Chicago Man Finds Success through State Program to Help Veterans Transition to Civilian Life
SPRINGFIELD ï¿½ Martin Gerk joined the Navy in 1999 where he served in active duty until December 2007. In the Navy, he worked in foodservice. Martin thought finding work after active service would be easy as a vet, but soon discovered the economic recession and the competition of an international labor force would make finding work in civilian life difficult.
After being out of work for two years, Martin found work at a leading foodservice company in Chicago that staffs many of the cityï¿½s corporate dining rooms and cafeterias with assistance from state-supported programs such as the Easter Seals Veterans Outreach Project, disabilityworks, the stateï¿½s workforce development network and other vets. Martin recently achieved his first anniversary with his employer, who continues to rely on his flexibility.
ï¿½It was pretty discouraging returning home and finding myself unemployed and unable to provide for my family. By working with the Chicagoland Entrepreneurial Center and disabilityworks, along with the state resources I accessed online, I was able to get additional training and master skills that were critical to me finding full-time employment,ï¿½ said Gerk.
Martin is one of hundreds of veterans that have returned home and received assistance finding jobs and upgrading their skills through workforce programs sponsored by the Illinois Department of Commerce and Economic Opportunityï¿½s Office of Employment and Training and funded by federal Workforce Investment Act dollars. DCEO Director Warren Ribley today highlighted these programs and the contributions of the more than 338,000 veterans to the Illinois workforce.
ï¿½These men and women gave selflessly of themselves to serve our country,ï¿½ said Director Ribley. ï¿½Unfortunately, far too many veterans return home to barriers in finding employment and other opportunities. Through the stateï¿½s workforce network, weï¿½re helping to ensure these individuals can make a smooth transition into civilian life and begin to return to a sense of normalcy.ï¿½
In 2009, DCEO initiated collaboration between Easter Seals and disabilityworks ï¿½ a nationally recognized effort geared toward enhancing employment and training opportunities for people with disabilities ï¿½ to help returning veterans and their families, and the employers who are interested in hiring veterans. Operation Employ Veterans was developed to enhance the services available at the local level and help fill the gaps in the veterans' services delivery system statewide. DCEO provided a $500,000 grant for the program.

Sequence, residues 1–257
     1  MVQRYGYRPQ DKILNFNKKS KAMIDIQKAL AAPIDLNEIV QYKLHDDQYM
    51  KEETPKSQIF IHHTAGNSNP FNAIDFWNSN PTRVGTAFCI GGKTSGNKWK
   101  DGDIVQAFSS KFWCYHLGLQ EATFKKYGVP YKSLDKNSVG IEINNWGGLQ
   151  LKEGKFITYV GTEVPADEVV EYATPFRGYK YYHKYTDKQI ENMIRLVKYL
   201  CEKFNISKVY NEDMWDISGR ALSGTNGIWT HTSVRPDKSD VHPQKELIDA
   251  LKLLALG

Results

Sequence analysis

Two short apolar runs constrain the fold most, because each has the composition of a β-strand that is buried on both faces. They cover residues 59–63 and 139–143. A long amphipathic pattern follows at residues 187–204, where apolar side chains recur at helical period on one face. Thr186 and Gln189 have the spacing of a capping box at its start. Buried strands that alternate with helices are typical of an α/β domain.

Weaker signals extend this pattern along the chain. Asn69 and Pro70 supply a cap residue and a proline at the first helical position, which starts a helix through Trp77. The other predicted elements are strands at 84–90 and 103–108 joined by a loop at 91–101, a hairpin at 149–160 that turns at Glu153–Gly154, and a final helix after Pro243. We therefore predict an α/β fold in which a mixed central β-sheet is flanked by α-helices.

Since the start of Operation Employ Veterans:
ï¿½ Nearly 300 veterans with and without disabilities and their families obtained employment or received job readiness and Illinois workNet training services.
ï¿½ 856 veterans with and without disabilities and their families received reintegration support to connect them to the most appropriate resources based on their needs;
ï¿½ 242 of these family units received more intense follow-up services, according to their needs
Operation Employ Veterans (OEV) also offers a training program that focuses on awareness-building among human resource directors, recruiters, managers and others involved in hiring decisions. The OEV program contains elements that tackle the false perceptions about veterans in the workplace, and detail the many unique benefits of employing veterans based on their military training and service. This training is vital because the majority of personnel engaged in the hiring process lack experience with the military and veterans, often have limited knowledge and understanding of veterans, and frequently express erroneous perceptions about the background and training of a veteran.
DCEOï¿½s Office of Employment and Training provides job placement, workforce training and support services to adult, youth and dislocated Illinoisans under the federal Workforce Investment Act. For more information on the stateï¿½s workforce programs, visit
www.illinoisworknet.net. For more information on services available to veterans, visit the Illinois Department of Veteransï¿½ Affairs at